Alfred Clifton Hughes

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Alfred Clifton Hughes
Archbishop Emeritus of New Orleans
FEMA - 16583 - Photograph by Greg Henshall taken on 10-02-2005 in Louisiana.jpg
Archbishop Hughes greets parishioners in front of St. Louis Cathedral after the first services in New Orleans since Hurricane Katrina more than a month earlier.
ArchdioceseNew Orleans
AppointedFebruary 16, 2001
InstalledJanuary 3, 2002
Term endedJune 12, 2009
PredecessorFrancis Bible Schulte
SuccessorGregory Michael Aymond
OrdinationDecember 15, 1957
ConsecrationSeptember 14, 1981
by Humberto Sousa Medeiros, Thomas Vose Daily, and John Michael D'Arcy
Personal details
Born (1932-12-02) December 2, 1932 (age 86)
West Roxbury, Massachusetts
Previous postAuxiliary Bishop of Boston (1981–1993)
Titular Bishop of Maximiana in Byzacena (1981–1993)
Bishop of Baton Rouge (1993–2002)
Alma materSt. John's Seminary College
MottoFor you, God’s own love
Styles of
Alfred Clifton Hughes
Coat of arms of Alfred Clifton Hughes.svg
Reference style
Spoken styleYour Excellency
Religious styleArchbishop
Ordination history of
Alfred Clifton Hughes
Episcopal consecration
Consecrated byHumberto Sousa Medeiros
DateSeptember 4, 1981
Episcopal succession
Bishops consecrated by Alfred Clifton Hughes as principal consecrator
Roger MorinFebruary 11, 2003
Ronald Paul HerzogNovember 4, 2004
Shelton Joseph FabreDecember 13, 2006
Glen John ProvostApril 23, 2007
Michael DucaMay 19, 2008

Alfred Clifton Hughes KCHS (born December 2, 1932) is a retired American prelate of the Roman Catholic Church. He served as the 13th Archbishop of New Orleans, having previously served as Bishop of Baton Rouge from 1993 to 2002. On June 12, 2009, Pope Benedict XVI appointed Bishop Gregory M. Aymond as the new Archbishop of New Orleans to replace Archbishop Hughes.

Youth and education[edit]

Alfred Hughes was born in West Roxbury, Massachusetts, as the third of the four children of Alfred and Ellen (née Hennessey) Hughes; he has two older sisters, Dorothy Callahan and Marie Morgan, and a younger brother, a Jesuit priest named Kenneth. Hughes studied at St. John's Seminary College, from where he received his bachelor's degree in philosophy in 1954, and then furthered his studies in Rome at the Pontifical Gregorian University until 1958.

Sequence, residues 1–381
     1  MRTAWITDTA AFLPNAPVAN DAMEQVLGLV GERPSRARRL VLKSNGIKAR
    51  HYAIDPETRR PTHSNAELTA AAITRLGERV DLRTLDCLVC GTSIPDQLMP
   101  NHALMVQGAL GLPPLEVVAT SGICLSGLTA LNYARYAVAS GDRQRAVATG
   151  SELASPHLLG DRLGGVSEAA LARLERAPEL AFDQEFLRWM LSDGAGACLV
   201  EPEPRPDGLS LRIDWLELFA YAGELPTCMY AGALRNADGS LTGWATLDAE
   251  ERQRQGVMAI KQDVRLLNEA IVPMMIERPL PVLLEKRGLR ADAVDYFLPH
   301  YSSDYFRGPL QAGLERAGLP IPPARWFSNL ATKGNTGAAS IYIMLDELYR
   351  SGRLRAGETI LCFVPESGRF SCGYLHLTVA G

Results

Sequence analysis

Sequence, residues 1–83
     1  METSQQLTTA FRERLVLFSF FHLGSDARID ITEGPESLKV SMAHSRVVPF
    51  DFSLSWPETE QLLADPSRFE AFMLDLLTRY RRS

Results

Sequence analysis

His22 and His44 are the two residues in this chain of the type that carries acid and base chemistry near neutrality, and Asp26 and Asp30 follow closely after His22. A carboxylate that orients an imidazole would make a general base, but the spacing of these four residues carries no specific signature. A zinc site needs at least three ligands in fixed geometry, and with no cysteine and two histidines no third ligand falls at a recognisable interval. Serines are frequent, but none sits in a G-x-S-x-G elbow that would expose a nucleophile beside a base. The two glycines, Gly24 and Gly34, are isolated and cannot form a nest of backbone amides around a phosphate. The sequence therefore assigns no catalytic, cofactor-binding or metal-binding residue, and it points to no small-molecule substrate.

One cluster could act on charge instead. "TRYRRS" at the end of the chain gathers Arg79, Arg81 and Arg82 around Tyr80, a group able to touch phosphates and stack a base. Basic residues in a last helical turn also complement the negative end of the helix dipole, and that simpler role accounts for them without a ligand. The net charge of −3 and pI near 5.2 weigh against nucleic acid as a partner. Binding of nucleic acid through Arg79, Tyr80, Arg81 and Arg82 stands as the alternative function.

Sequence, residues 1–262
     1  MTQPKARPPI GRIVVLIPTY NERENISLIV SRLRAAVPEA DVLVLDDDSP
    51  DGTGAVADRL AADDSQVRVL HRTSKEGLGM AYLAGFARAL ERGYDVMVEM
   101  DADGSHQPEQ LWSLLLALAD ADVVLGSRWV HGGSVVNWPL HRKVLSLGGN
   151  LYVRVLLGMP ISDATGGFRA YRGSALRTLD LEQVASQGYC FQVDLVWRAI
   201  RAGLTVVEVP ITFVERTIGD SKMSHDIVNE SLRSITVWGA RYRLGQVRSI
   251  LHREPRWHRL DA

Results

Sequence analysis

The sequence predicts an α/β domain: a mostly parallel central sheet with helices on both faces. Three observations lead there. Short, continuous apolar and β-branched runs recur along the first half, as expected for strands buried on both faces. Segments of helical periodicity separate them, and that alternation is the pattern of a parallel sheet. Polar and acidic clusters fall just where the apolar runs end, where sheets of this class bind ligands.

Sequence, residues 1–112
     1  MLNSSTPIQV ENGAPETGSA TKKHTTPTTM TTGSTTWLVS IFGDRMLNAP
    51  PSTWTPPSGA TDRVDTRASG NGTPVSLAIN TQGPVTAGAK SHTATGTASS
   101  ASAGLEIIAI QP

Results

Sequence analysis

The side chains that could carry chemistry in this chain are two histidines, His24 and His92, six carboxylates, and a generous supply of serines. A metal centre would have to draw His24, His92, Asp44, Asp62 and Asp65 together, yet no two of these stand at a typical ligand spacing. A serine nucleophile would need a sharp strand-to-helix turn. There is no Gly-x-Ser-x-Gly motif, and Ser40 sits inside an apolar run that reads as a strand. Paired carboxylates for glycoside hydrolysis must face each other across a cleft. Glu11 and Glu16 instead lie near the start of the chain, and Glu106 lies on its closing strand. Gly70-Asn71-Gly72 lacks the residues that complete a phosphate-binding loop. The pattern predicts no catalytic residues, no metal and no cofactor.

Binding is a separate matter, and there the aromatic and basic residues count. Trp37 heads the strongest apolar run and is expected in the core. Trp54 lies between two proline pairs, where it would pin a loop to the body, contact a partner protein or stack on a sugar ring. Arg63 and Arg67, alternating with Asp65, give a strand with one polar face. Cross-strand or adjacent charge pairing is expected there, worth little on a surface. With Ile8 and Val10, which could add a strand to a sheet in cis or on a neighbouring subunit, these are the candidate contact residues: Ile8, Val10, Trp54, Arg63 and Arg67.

He was ordained to the priesthood in Rome on December 15, 1957, and then did pastoral work before returning to the Gregorian to obtain a doctorate in spiritual theology from 1959 to 1961. Upon his return to the United States, he became a professor, as well as spiritual director and lecturer, at his alma mater of St. John's Seminary in 1962.

Church roles in Massachusetts[edit]

On July 21, 1981, Hughes was appointed Auxiliary Bishop of Boston and Titular Bishop of Maximiana in Byzacena by Pope John Paul II. He received his episcopal consecration on the following September 14 from Humberto Cardinal Medeiros, with Bishops Thomas Daily and John D'Arcy serving as co-consecrators. Hughes served as Rector of St. John's Seminary from 1981 to 1986, and as vicar general and vicar of administration from 1990 until 1993.

Bishop of Baton Rouge[edit]

He was then named Bishop of Baton Rouge on September 7, 1993, and was installed on November 7 of that same year. On February 16, 2001, Hughes was made Coadjutor Archbishop of New Orleans, serving under Archbishop Francis Schulte. He visited ninety of the archdiocese’s 142 parishes when he arrived there to become more familiar with the people.

Archbishop Alfred Hughes (far right) with (right to left) New Orleans Mayor Ray Nagin, President George W. Bush, and Louisiana Lt. Gov. Mitch Landrieu.

Archbishop of New Orleans[edit]

Hughes succeeded Schulte as Archbishop of New Orleans upon the latter’s retirement on January 3, 2002. His tenure has been marked by the devastating Hurricane Katrina in 2005, after which he made a televised appearance with Bishop Robert Muench (his successor in Baton Rouge), saying, “God has brought us to our knees in the face of disaster. We are so overwhelmed, we do not really know how to respond. Powerlessness leads us to prayer. And we know when we turn to God, God offers us his grace”.[1] In response to questioning religion during the hurricane’s aftermath, Hughes also said, “People can either turn inward on themselves and lose hope, or they turn upward to God and outward to other people. Our faith teaches us to do the latter, to really believe that God is present and is asking us to be partners with him in the recovery and restoration”.[2]

  • Hughes implemented a controversial post-Katrina church consolidation program that reduced the diocese from 142 parishes to 108. The storm drove away nearly a quarter of its former membership and left it with nearly $300 million in physical damage.[3]